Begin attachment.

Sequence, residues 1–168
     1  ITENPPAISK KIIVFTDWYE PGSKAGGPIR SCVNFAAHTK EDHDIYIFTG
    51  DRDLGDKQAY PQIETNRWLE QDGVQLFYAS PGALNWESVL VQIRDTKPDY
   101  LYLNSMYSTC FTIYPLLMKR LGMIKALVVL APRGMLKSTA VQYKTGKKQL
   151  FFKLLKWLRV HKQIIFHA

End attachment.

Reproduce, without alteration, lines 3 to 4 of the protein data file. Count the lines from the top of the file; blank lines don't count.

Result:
    51  DRDLGDKQAY PQIETNRWLE QDGVQLFYAS PGALNWESVL VQIRDTKPDY
   101  LYLNSMYSTC FTIYPLLMKR LGMIKALVVL APRGMLKSTA VQYKTGKKQL